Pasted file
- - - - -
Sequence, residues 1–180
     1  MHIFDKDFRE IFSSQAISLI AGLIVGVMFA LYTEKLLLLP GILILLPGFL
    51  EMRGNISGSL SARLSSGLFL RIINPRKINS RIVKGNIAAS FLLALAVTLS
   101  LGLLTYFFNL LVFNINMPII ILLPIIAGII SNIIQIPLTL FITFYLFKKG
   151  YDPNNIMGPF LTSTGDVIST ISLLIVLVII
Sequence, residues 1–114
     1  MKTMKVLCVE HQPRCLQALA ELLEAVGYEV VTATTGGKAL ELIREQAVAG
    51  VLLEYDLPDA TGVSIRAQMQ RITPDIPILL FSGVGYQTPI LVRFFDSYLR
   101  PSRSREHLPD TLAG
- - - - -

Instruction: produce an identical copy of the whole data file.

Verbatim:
Sequence, residues 1–180
     1  MHIFDKDFRE IFSSQAISLI AGLIVGVMFA LYTEKLLLLP GILILLPGFL
    51  EMRGNISGSL SARLSSGLFL RIINPRKINS RIVKGNIAAS FLLALAVTLS
   101  LGLLTYFFNL LVFNINMPII ILLPIIAGII SNIIQIPLTL FITFYLFKKG
   151  YDPNNIMGPF LTSTGDVIST ISLLIVLVII
Sequence, residues 1–114
     1  MKTMKVLCVE HQPRCLQALA ELLEAVGYEV VTATTGGKAL ELIREQAVAG
    51  VLLEYDLPDA TGVSIRAQMQ RITPDIPILL FSGVGYQTPI LVRFFDSYLR
   101  PSRSREHLPD TLAG